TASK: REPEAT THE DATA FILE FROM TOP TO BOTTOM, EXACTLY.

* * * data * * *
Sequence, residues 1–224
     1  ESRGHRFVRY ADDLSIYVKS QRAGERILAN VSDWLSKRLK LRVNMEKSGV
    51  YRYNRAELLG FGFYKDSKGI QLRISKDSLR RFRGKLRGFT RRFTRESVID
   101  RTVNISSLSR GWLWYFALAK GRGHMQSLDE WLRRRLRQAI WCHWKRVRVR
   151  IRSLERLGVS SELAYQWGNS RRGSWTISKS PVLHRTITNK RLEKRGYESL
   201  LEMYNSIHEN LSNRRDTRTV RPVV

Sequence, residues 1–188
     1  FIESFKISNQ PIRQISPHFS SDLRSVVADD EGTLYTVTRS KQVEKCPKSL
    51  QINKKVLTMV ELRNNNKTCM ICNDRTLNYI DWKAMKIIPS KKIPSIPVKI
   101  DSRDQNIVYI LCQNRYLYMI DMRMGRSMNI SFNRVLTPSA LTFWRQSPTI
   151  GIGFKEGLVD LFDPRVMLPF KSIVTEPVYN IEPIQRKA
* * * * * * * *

Sequence, residues 1–224
     1  ESRGHRFVRY ADDLSIYVKS QRAGERILAN VSDWLSKRLK LRVNMEKSGV
    51  YRYNRAELLG FGFYKDSKGI QLRISKDSLR RFRGKLRGFT RRFTRESVID
   101  RTVNISSLSR GWLWYFALAK GRGHMQSLDE WLRRRLRQAI WCHWKRVRVR
   151  IRSLERLGVS SELAYQWGNS RRGSWTISKS PVLHRTITNK RLEKRGYESL
   201  LEMYNSIHEN LSNRRDTRTV RPVV

Sequence, residues 1–188
     1  FIESFKISNQ PIRQISPHFS SDLRSVVADD EGTLYTVTRS KQVEKCPKSL
    51  QINKKVLTMV ELRNNNKTCM ICNDRTLNYI DWKAMKIIPS KKIPSIPVKI
   101  DSRDQNIVYI LCQNRYLYMI DMRMGRSMNI SFNRVLTPSA LTFWRQSPTI
   151  GIGFKEGLVD LFDPRVMLPF KSIVTEPVYN IEPIQRKA